5. Zone 5 is considered to be 90-100% of maximum heart rat): This is the “red line” zone and is typically reserved for extremely intense, short-duration workouts. It is not recommended to spend much time in this zone.


It’s important to note that the specific heart rate ranges for each zone can vary based on individual factors such as age, fitness level, and even medication use. 


So now that we understand our heart rate training zones let’s see what type of programs we can construct while keeping within zones 1-3 so the training stays aerobic in nature. Here are some examples of aerobic training sessions:

  1. Session 1 – Continuous steady-state cardio lasting 20-30 minutes. With this type of aerobic training, you can utilise exercises such as walking, jogging, cycling, or rowing. The intensity should be kept at a moderate level for the full 20 – 30 minutes which would be Zone 1 and 
  2. 2. Next we have interval training, which can last anywhere from 5 to 20 min per interval with 1 -3 min of active recovery between each interval to bring your heart rate back down. Repeat this pattern a total of 2-3 times. You should be in zone 3 when you’re working and back to zone 2 for your active rest.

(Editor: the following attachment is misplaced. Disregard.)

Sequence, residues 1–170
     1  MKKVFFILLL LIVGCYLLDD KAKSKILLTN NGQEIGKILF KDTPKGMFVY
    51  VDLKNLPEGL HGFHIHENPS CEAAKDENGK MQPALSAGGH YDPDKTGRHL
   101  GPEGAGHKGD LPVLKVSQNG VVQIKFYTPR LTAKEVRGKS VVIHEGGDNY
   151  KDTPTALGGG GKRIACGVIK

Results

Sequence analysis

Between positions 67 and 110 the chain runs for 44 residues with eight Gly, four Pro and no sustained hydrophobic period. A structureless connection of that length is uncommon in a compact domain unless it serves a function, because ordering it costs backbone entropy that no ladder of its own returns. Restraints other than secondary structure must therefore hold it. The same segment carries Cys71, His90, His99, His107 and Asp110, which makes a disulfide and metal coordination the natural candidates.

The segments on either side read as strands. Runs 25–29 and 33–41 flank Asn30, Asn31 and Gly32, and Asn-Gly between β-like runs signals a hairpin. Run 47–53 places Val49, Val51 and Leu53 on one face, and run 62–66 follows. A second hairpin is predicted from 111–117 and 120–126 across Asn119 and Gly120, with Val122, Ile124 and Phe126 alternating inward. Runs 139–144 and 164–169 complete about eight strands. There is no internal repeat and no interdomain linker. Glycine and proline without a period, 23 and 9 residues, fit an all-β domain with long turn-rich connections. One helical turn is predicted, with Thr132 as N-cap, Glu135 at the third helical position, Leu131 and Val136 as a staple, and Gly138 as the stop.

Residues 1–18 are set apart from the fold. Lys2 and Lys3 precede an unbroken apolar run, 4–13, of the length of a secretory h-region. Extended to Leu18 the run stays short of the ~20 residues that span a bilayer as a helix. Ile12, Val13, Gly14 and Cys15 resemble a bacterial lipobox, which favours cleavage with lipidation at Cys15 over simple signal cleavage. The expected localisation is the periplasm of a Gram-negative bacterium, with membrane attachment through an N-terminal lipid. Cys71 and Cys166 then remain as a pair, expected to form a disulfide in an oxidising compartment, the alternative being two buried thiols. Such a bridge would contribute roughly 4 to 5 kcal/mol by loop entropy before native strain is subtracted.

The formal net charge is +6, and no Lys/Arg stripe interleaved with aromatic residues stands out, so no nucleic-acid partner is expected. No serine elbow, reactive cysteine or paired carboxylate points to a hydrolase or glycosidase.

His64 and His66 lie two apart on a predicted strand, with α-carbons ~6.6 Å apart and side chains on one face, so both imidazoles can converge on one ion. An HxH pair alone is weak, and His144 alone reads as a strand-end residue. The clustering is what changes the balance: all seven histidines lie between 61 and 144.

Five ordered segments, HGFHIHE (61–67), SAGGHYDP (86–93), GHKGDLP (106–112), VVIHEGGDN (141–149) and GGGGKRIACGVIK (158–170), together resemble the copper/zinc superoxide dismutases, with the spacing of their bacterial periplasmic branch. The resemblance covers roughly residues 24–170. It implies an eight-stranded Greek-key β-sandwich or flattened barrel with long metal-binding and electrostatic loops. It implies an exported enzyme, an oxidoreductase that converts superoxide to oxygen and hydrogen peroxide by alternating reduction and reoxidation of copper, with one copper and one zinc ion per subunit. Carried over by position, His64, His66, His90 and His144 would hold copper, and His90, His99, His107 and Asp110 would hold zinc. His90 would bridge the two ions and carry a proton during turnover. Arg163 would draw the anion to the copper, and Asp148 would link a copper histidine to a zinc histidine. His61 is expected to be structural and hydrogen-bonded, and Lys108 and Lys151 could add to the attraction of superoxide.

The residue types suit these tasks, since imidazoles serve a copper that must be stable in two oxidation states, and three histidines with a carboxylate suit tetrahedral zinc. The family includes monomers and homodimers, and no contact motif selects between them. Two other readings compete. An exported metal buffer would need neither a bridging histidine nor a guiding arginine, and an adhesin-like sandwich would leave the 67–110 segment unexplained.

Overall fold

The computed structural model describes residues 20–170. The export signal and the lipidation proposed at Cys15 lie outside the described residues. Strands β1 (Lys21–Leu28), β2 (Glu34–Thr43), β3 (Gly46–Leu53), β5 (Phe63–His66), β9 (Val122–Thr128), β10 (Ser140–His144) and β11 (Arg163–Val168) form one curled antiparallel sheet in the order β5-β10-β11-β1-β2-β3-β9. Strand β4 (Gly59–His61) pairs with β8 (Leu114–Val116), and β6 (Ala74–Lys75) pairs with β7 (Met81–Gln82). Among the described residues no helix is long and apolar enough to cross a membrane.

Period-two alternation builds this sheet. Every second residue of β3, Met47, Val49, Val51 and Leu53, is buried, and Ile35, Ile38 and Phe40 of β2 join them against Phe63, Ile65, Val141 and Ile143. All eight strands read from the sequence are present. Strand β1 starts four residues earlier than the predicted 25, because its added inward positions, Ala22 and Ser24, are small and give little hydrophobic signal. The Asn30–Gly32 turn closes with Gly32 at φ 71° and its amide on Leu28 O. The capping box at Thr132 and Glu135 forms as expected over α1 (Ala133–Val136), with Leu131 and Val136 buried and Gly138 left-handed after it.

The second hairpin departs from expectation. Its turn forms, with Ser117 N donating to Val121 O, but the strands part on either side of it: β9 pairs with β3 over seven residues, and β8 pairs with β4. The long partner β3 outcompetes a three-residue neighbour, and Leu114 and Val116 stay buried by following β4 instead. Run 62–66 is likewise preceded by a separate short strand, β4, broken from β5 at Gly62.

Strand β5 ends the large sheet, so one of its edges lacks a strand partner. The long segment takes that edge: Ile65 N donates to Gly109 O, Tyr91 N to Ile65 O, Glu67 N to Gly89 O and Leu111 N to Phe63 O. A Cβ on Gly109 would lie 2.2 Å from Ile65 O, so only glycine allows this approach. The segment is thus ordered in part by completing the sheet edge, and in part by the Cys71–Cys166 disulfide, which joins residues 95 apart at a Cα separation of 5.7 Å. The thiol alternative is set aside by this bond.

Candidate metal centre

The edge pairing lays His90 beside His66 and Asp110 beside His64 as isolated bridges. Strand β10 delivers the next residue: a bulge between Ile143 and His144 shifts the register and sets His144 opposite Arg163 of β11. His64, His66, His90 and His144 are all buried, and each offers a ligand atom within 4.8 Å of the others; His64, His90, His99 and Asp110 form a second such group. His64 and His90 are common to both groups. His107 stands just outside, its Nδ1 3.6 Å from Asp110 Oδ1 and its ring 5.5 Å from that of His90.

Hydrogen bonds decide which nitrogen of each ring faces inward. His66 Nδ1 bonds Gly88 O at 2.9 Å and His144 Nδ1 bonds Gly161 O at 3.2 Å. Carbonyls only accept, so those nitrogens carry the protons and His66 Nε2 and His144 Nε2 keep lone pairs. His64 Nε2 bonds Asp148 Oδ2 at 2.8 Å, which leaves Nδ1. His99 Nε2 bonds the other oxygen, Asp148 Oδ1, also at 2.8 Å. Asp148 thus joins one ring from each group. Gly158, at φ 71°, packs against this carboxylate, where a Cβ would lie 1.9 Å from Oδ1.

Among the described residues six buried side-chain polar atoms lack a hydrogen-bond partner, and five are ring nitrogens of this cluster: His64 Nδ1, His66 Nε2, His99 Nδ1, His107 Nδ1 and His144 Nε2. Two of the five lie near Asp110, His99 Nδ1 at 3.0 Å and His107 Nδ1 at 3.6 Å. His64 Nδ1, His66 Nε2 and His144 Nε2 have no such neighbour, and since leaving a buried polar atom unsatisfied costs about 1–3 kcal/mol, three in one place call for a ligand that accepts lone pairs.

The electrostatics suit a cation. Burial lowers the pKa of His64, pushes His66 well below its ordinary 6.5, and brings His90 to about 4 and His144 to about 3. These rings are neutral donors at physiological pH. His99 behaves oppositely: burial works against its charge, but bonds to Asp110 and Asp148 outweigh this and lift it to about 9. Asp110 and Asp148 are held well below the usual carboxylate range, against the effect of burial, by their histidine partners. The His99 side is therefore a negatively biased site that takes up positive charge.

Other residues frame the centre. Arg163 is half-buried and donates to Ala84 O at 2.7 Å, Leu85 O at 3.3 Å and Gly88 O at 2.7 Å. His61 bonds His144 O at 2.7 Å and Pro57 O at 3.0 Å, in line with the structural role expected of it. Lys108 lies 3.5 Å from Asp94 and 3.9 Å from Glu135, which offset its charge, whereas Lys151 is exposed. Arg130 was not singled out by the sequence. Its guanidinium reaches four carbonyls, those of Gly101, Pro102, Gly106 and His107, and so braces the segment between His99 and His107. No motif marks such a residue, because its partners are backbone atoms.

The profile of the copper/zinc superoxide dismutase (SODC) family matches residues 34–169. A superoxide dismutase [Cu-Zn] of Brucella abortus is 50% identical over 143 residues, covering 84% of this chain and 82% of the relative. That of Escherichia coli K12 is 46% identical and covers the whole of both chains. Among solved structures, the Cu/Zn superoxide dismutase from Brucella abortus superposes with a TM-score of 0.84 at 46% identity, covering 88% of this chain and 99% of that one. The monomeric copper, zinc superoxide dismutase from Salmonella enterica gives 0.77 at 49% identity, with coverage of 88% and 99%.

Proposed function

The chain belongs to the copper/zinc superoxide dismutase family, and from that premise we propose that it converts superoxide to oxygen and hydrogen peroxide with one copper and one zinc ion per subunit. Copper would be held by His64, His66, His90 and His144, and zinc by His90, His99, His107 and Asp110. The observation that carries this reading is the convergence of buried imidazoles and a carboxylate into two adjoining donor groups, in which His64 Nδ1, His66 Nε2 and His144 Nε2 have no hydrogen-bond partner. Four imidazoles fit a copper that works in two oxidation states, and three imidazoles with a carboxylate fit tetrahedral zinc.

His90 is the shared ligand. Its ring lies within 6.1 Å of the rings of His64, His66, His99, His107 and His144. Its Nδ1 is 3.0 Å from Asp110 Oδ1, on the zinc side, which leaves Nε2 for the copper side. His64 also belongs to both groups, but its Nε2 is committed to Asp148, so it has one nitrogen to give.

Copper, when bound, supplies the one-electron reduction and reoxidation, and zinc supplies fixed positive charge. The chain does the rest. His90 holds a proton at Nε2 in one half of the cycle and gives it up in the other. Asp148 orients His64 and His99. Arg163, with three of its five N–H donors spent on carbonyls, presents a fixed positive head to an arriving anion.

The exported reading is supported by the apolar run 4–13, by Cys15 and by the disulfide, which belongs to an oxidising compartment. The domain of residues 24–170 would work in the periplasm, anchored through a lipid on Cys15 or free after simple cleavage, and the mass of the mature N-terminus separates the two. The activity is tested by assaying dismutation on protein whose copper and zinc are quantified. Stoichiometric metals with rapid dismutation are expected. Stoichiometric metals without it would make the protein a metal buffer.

3. Finally we have Resistance Training & Circuit training: A workout consisting of several different exercises performed back to back with little to no rest in between is a great way to develop aerobic fitness levels. For example, completing Lunges, RDL, Push-Ups, and Pull-Ups all back-to-back. 


It is important to note as a coach who is prescribing programs to the people you train if the goal is to get 4-5 aerobic sessions per week. You have prescribed 3 resistance training sessions for that individual, as long as the intensity of the resistance training session is not too high. Hence, they train at an intensity of less than 80% of their 1 RM and the resistance training session is kept to hypertrophy-based training so that individual will also develop their aerobic system due to the nature of hypertrophy-type training. If they start to train at a high intensity of 80% and above such as max strength training they will tap into their anaerobic and or  A lactate energy system something we will cover in a later video. Keep that in mind as you move forward and plan your program design. 


These are just a few examples of the many different types of aerobic training sessions you can prescribe. The specific workout will depend on the individual’s goals, fitness level, and available resources such as training equipment.